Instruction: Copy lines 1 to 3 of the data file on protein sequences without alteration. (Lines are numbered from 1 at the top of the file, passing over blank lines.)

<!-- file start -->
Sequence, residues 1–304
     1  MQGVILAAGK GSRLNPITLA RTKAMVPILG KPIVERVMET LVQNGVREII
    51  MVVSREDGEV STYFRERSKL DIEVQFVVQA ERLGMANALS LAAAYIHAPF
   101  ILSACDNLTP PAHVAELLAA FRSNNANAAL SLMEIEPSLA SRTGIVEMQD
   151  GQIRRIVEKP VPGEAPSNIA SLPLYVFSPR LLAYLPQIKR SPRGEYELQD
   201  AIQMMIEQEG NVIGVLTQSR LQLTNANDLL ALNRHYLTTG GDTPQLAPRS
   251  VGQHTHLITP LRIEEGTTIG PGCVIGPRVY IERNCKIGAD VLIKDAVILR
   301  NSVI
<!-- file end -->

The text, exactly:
Sequence, residues 1–304
     1  MQGVILAAGK GSRLNPITLA RTKAMVPILG KPIVERVMET LVQNGVREII
    51  MVVSREDGEV STYFRERSKL DIEVQFVVQA ERLGMANALS LAAAYIHAPF